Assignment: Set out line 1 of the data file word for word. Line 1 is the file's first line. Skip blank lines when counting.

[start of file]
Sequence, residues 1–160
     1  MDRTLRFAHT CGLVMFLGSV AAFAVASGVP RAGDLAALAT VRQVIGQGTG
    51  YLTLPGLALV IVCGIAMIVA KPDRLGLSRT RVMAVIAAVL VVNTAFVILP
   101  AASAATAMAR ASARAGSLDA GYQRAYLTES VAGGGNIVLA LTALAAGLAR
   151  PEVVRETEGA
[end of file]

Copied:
Sequence, residues 1–160